Creativity: I bring up Duluth Trading Company and the groans are heard from all across New England. They are a Midwest cataloger (gasp) with 28 consecutive quarters of growth. How many consecutive quarters of growth have you experienced? Digital strategy drained the creativity out of our businesses - and without creativity, there is nothing to compete against Amazon with. A way to beat Amazon is via creativity and personality.
ROI: We can measure the return on investment of a tweet, second-by-second. How many of us know the proper investment horizon for a new customer - in other words, how many of us know whether a three-month payback or twelve-month payback or sixty-month payback is what is "right"? We've forgotten how to properly evaluate business success, and it's our own fault. We know the reasons our businesses aren't growing ... we are choosing to perpetuate our own challenges.
Vendors: I spoke at a conference a few months ago. One of the attendees told me that her "vendor partners" were more important to her than her co-workers ... she said "these are the people I work with". It's fine that this employee loves her vendor partners, as long as her vendor partners deliver sufficient return on investment. It is wrong that she devalues her co-workers. I repeatedly observe contempt for co-workers in other departments. I suppose I was guilty of this as an Analyst/Manager/Director as well. I was wrong. We need to be part of a team, and our team needs to at minimum equalize our co-workers to the vendor partners we enjoy working with.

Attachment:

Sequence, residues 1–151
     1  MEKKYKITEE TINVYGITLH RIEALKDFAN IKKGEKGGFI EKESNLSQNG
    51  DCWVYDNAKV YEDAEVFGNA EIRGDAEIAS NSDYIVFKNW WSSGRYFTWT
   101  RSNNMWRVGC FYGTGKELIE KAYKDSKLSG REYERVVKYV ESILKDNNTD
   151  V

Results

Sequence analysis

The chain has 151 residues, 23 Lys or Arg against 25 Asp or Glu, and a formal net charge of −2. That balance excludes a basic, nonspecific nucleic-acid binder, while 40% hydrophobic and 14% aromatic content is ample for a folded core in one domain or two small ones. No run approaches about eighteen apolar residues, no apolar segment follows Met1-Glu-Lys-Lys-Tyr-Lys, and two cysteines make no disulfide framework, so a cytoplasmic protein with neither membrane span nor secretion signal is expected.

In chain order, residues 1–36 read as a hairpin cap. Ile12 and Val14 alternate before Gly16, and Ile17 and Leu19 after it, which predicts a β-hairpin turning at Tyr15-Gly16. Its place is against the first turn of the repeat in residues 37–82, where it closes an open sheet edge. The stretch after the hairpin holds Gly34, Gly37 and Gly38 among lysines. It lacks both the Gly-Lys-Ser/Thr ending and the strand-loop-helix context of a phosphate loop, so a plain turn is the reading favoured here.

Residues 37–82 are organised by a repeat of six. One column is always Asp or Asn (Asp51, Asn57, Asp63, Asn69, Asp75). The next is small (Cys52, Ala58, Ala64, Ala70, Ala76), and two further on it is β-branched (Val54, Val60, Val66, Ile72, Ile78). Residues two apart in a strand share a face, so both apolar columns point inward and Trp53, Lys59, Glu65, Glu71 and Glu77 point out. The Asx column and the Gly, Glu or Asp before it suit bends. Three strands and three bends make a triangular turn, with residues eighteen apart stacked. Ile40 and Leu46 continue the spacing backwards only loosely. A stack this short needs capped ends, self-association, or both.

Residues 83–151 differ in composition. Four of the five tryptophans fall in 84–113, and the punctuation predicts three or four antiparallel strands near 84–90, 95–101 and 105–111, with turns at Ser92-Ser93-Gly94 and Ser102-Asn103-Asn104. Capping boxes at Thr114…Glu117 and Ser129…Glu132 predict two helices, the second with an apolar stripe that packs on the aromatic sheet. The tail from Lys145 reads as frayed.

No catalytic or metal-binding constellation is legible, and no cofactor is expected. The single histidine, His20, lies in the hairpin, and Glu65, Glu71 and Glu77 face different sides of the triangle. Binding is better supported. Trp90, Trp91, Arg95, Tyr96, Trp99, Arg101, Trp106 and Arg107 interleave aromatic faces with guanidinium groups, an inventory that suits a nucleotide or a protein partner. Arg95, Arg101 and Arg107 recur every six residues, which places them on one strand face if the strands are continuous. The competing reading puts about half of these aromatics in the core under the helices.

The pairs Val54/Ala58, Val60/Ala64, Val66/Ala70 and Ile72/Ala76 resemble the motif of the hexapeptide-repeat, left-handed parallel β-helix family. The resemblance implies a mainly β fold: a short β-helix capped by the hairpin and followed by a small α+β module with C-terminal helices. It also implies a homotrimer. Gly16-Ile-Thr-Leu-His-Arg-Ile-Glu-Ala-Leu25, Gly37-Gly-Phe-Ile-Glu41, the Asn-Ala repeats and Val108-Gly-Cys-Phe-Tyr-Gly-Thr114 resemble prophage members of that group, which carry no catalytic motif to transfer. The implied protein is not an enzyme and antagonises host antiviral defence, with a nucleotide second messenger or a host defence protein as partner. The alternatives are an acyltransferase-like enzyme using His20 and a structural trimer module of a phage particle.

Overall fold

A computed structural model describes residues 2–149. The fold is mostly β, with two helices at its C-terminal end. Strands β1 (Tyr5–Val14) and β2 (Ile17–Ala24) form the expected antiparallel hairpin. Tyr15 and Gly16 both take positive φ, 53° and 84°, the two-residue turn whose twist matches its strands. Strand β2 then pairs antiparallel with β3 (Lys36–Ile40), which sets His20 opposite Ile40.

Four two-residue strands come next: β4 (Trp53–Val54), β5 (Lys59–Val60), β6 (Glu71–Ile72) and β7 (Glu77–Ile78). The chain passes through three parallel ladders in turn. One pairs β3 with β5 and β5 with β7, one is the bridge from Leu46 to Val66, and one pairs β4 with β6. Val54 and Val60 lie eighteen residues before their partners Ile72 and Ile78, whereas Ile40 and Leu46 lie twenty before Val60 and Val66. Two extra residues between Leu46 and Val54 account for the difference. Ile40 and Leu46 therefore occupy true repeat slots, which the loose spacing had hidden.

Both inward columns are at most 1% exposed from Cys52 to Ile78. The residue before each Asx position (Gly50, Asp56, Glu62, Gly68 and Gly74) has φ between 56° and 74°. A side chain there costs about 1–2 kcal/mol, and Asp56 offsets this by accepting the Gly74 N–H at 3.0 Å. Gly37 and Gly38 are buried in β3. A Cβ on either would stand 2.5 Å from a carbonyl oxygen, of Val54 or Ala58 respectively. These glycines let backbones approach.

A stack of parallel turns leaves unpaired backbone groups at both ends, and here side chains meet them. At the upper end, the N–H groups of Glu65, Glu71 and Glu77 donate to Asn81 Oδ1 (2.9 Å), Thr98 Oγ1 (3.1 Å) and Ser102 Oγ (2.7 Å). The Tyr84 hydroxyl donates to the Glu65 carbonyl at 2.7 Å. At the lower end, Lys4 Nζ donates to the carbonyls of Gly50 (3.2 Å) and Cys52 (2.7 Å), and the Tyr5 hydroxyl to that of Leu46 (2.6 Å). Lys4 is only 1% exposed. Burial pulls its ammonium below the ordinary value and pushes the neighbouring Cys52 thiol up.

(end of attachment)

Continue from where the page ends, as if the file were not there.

P.S. on Vendors: Give this story about the Seattle Seahawks a read (click here). Pretend the defense represents your co-workers. Pretend the offense represents the fusion between a marketing department and the vendor community. Think carefully about the article, then apply it to your company.
Store Closures: We are in the early innings of store closures. Every store that closes reduces store traffic for surrounding stores, which causes more stores to close. This trend will end when the next generation of retail comes to the forefront and generates new traffic from a younger generation of customers. FYI - mall-based retail is behaving a bit different than standalone store retail is behaving. Pay attention to these differences, ok?
Urgency: At a conference, a Professional told me that she wasn't going to move forward on important initiatives until "conditions were perfect". Her company was struggling. Is it any wonder her company was struggling? There's a difference between chaos, urgency, and complacency. Urgency is the place to be on the continuum.
Decisions: A Professional told me at a conference that he's not allowed to make decisions, but instead, he has to "float ideas past the Executive Team, and they like people who execute their ideas more than they like new ideas." Life is too short to work at a company where you are not allowed to make decisions.